Following Money 20/20 Europe, here’s a look at game-changing innovations and commercial challenges set to hit the European financial sector based on Mastercard’s experience working with financial institutions around the world
Adventures in Open Banking
Open banking is a collaborative ecosystem in which data is shared through secured APIs. It significantly improves the consumer experience by making it easier to transfer funds, compare product offerings from different banks and receive more transparency.
In Europe, open banking was triggered by market regulation, but it is also emerging in other regions looking to maintain global competitiveness and improve consumer experiences.
In the Game, a recent Mastercard-sponsored Harvard Business Review Analytic Services report, found that while 41% of financial institutions (FIs) believe open banking has not yet influenced their organisations, 16% are already losing customers to competitors that are better equipped to adapt to open banking. In response, traditional FIs plan to accelerate their open banking-related initiatives over the next three years accordingly:
Launch new products or services using open banking (51%)
Pursue “fintegration”—partner with a fintech to provide a service (49%)
Develop new authentication strategies (45%)
Monetise data assets (35%)
In Europe, 82% of FIs say that they’ve invested internally in the digital transformation of their existing operations, versus 68% globally, underlining a particular importance on innovating across channels.
Driving a more customer-centric ecosystem by developing APIs has clear consumer benefits but must be handled carefully by banks. FIs will need a deep understanding of the regulatory landscape before moving into strategy and product enhancements. In this regard, data insights can elucidate market changes while guiding strategy, execution, and monetisation.
Traditional FIs have responded in various ways to new regulations and fintech competition. Many examples—whether through collaboration, in-house development or acquisition—were on display at Money 20/20 Europe this year.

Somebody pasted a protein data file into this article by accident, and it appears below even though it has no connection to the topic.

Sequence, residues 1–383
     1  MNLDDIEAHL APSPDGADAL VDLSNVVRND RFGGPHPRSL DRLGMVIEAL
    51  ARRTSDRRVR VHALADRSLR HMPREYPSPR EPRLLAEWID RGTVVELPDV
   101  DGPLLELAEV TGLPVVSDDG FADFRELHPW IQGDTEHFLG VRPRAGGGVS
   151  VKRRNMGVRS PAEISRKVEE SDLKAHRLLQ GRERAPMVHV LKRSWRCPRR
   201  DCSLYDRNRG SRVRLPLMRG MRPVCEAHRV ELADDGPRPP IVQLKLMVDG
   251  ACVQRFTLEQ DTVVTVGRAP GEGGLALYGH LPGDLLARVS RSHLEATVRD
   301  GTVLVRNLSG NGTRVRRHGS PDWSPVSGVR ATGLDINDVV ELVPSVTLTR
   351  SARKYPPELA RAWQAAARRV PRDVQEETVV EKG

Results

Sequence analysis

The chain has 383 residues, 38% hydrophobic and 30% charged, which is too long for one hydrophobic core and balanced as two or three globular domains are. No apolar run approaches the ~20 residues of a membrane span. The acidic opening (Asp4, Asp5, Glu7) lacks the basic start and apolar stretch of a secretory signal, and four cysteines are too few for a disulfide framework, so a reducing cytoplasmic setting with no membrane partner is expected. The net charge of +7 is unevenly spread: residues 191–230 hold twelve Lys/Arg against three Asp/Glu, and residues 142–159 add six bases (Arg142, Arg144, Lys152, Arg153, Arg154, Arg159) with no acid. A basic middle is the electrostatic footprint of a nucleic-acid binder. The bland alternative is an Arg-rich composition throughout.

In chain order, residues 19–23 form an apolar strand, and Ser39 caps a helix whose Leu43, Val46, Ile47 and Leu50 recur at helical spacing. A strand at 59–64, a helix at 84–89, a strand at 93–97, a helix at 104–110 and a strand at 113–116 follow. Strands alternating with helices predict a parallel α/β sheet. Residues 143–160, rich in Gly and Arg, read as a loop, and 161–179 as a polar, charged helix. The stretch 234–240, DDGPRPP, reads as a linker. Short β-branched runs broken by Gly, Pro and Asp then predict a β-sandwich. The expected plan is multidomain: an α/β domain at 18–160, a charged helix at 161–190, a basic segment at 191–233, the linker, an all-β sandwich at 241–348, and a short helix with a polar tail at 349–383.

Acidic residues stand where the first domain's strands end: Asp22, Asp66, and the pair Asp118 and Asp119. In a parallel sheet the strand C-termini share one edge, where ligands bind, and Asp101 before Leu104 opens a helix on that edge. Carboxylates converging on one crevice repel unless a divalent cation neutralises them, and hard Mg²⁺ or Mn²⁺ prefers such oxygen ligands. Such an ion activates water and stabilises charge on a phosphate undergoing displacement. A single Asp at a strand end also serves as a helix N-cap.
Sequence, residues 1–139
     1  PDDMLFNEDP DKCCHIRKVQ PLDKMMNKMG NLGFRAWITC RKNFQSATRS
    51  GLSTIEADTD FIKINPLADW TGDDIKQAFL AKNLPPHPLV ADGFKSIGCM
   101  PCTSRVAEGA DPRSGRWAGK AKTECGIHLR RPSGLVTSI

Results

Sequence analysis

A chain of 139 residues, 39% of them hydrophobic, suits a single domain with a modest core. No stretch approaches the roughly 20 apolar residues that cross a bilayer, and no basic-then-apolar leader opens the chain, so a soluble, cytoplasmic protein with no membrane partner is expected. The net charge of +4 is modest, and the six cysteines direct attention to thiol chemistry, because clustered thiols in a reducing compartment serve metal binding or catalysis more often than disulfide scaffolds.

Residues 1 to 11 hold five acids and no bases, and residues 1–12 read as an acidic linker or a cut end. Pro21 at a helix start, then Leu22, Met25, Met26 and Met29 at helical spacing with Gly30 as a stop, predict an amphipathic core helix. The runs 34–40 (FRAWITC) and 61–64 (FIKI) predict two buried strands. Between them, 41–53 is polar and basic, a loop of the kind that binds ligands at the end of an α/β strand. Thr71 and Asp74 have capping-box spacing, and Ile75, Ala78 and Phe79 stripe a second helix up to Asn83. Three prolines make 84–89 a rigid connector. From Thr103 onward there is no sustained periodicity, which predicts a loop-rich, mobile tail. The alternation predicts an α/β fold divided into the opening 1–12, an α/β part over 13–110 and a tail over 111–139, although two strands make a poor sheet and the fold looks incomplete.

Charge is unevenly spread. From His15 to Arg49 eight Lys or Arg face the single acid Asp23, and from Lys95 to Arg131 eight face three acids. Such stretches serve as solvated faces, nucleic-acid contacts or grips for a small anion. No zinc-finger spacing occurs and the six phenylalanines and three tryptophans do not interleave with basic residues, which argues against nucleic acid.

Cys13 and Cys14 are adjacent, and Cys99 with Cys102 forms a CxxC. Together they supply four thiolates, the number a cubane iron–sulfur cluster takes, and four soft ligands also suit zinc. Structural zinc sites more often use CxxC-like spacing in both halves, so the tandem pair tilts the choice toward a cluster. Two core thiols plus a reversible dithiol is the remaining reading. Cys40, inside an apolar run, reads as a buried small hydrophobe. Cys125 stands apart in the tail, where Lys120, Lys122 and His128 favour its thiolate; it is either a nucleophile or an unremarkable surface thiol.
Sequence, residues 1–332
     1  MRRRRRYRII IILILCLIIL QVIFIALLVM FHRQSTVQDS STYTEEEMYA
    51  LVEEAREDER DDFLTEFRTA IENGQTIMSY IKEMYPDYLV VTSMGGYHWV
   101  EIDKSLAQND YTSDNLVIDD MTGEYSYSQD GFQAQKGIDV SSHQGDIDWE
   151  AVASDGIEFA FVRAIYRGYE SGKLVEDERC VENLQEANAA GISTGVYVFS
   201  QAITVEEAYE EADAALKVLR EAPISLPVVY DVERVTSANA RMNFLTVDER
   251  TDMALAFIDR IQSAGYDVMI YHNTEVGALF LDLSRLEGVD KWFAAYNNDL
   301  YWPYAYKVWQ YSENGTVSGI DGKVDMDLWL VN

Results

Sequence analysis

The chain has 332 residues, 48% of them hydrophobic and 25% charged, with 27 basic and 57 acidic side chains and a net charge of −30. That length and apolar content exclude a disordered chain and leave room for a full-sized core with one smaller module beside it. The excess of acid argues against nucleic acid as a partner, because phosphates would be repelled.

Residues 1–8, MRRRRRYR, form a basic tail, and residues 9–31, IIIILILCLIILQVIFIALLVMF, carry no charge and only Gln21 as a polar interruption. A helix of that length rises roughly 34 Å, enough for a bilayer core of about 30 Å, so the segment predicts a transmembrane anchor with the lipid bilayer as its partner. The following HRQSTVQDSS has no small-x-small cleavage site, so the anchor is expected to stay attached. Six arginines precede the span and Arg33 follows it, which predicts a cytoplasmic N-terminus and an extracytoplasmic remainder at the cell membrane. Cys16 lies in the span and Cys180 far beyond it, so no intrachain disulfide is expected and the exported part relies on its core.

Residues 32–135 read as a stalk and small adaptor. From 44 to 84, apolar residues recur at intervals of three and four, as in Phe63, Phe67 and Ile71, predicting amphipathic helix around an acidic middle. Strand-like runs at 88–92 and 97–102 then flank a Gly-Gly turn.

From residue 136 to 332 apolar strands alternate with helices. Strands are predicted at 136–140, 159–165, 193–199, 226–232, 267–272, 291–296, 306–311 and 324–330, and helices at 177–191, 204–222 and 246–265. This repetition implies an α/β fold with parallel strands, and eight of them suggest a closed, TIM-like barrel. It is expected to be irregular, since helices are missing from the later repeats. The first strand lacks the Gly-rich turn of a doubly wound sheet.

In the Game found that while 59% of FIs believe fintechs have captured less than 10% of their market share, 65% think they will be a significant threat by 2022. In response, FIs should be using data insights and analytics to inform and refine risk management, new product launches, personalisation, and improved consumer experiences. In order to remain competitive, they must overcome organisational hurdles—such as a lack of analytical skills—and take a long-term strategic view. This may include accessing best-in-class analytics and loyalty platforms by collaborating with third-party organisations.
Addressing personalisation and navigating hurdles to innovation were among the themes covered at Money 20/20 Europe. Analytics help organisations make informed strategic decisions and reduce uncertainty. Perhaps surprisingly, in the Mastercard-sponsored Harvard Business Review report Uncovering the Keys to Becoming Truly Analytics-Driven, only 18% of those surveyed said that their organisations were getting a sufficient return on their investment in analytics. Challenges included:
Ineffective deployment and distribution of outputs across the organisation
Lack of workflow integration with decision processes not reaching decision-makers
Inadequate employee training
Siloed approaches producing competing results
To compete and innovate in this increasingly technology-driven market, it’s critical for financial institutions to focus on overcoming these common barriers to achieving analytic ROI. In this fast-paced, constantly evolving industry, the importance of data-driven decision-making will only continue to grow.
Looking ahead to next year’s Money 20/20, financial institutions should consider focusing on mitigating any risks from open banking while acknowledging the corresponding opportunities, taking a data-driven approach to make the most of such innovations.
Ask Milan Gauder
Questions on this article? Reach out to Milan Gauder to learn more about innovations in the European financial sector.